My sister-in-law was in town the other day. Her grandfather died and she made a flying trip down for the funeral. She brought me down some fruit from her garden:
Those are, from left to right, figs, feijoas (she brought more than this but I gave some away to a friend who adores them), and passionfruit. She and my brother live in Auckland, which is sub-tropical, whereas I live in Dunedin which, although officially temperate, is more like sub-arctic a lot of the time, so it's quite a treat to get fresh fruit like this that I can't grow.
Of course I couldn't eat it all at once, some preserving needed to be done.
I halved all of the passionfruit, …
… scooped out the pulp into ice cube (except they're not cubes) trays …
… and froze it. When it was all frozen solid I popped it out of the trays …
… and put the lumps into a freezer box for easy access:
Now when I want a passionfruit I can just defrost a lump or two of pulp.
The figs were next. I decided on fig jam.
I had 750 g of figs and my jam book told me to cover them with boiling water for 3 minutes, …
… then drain them and squeeze out the excess water. There wasn't any excess water to I went on to the next step …
Which was cut them up or crush them, and cook in a tablespoon of lemon juice, adding a little water if necessary to stop them sticking:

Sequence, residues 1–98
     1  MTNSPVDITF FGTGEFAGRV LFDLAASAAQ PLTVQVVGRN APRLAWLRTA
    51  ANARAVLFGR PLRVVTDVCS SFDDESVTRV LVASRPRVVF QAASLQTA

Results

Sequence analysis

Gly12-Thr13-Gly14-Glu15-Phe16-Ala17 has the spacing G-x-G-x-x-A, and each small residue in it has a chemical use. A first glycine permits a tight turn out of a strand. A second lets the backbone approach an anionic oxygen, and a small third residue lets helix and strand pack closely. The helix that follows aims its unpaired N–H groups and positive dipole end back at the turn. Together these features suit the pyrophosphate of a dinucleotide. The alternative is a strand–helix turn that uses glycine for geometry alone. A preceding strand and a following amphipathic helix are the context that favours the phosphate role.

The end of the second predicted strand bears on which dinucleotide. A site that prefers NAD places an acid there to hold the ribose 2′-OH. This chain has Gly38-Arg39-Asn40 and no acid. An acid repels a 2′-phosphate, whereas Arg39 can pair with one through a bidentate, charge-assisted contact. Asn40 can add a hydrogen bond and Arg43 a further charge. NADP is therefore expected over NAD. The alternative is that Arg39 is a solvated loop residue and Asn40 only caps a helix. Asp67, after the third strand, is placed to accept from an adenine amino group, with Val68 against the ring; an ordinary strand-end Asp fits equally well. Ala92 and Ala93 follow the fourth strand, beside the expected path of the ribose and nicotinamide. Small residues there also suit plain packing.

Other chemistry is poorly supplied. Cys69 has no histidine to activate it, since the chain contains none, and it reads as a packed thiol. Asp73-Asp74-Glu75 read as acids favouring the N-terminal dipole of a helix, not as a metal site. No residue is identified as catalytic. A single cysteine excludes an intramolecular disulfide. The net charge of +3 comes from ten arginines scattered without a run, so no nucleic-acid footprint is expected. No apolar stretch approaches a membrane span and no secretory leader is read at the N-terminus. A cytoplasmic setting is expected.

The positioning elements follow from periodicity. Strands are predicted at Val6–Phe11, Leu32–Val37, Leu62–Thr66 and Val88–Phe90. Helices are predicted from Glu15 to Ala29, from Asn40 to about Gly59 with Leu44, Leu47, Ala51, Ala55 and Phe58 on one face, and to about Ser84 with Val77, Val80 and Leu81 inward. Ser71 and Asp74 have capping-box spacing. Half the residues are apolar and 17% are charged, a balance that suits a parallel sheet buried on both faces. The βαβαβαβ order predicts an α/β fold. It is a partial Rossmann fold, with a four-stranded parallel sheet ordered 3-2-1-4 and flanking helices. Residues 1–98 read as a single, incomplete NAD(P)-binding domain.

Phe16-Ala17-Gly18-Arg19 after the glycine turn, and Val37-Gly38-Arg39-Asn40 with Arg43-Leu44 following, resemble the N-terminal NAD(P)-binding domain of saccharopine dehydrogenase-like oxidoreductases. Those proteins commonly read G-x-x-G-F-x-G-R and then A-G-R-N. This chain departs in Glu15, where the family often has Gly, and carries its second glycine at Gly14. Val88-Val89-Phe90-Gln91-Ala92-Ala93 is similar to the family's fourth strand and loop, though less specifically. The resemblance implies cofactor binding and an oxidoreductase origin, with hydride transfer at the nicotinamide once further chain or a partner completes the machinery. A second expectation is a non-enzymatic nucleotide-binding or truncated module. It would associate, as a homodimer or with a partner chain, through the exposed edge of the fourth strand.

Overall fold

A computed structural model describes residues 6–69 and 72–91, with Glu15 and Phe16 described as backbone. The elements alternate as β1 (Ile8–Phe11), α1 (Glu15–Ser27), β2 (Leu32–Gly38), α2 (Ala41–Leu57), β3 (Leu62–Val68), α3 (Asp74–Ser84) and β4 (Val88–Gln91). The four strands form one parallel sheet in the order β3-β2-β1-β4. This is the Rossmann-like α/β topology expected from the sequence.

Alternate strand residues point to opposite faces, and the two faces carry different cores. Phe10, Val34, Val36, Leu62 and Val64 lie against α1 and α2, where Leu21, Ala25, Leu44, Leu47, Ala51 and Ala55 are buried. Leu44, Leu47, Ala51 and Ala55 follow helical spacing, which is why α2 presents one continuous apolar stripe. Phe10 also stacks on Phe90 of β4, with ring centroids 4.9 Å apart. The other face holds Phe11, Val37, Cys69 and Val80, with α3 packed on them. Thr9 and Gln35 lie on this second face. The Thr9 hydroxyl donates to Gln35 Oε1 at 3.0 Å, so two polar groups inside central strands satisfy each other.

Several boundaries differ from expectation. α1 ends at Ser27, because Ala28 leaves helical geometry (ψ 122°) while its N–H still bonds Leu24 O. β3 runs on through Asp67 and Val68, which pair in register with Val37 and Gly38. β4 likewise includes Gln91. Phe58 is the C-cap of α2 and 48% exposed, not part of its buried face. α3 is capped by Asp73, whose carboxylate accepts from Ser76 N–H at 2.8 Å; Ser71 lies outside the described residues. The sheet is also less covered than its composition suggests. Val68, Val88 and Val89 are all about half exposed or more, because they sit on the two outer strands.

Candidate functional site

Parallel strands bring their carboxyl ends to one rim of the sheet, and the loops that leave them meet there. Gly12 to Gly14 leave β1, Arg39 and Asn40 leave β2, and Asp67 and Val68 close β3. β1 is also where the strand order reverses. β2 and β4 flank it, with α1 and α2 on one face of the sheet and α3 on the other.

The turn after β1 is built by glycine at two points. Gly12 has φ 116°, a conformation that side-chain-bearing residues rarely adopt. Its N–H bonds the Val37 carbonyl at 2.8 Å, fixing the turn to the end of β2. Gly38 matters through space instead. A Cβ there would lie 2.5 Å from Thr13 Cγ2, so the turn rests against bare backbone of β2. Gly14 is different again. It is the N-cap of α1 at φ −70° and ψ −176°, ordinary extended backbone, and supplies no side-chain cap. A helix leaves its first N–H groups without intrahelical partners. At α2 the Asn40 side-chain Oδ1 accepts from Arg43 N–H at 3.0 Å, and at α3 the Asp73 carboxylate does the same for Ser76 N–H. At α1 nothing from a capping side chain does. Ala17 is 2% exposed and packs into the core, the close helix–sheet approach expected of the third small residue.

Once they were tender (not sure about this, they seemed pretty tender to me from the beginning, I waited until they were cooked to mush) I was to add a cup of sugar and boil quickly until the setting point was reached. Setting point was pretty much immediately - I think these figs might have been a bit juice deficient.
Anyway, I poured the jam into hot sterilised (sort of, straight out of the hot dishwasher) jars and screwed on the lids:
Now I need to get my act together and make some labels.
And look what was in my very own garden:
There are heaps more on the vine too. They are very small grapes, but very tasty. I only get grapes every three years or so; grapes are not supposed to be able to grow outside here really at all. Most people have their grapevines in a glasshouse.